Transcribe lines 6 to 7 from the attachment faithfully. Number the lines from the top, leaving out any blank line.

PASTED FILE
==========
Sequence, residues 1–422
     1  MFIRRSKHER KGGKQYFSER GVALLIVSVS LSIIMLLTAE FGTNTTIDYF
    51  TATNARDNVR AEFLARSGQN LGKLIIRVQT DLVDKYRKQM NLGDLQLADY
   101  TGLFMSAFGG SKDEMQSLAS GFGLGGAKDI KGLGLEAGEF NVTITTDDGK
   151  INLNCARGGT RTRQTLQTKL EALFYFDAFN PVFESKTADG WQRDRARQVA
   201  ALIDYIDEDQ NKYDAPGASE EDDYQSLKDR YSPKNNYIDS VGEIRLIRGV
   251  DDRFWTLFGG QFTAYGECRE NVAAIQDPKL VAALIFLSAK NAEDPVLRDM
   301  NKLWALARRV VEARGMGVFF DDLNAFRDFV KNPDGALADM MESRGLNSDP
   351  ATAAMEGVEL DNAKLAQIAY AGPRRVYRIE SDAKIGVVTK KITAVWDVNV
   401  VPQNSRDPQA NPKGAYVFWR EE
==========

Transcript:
   201  ALIDYIDEDQ NKYDAPGASE EDDYQSLKDR YSPKNNYIDS VGEIRLIRGV
   251  DDRFWTLFGG QFTAYGECRE NVAAIQDPKL VAALIFLSAK NAEDPVLRDM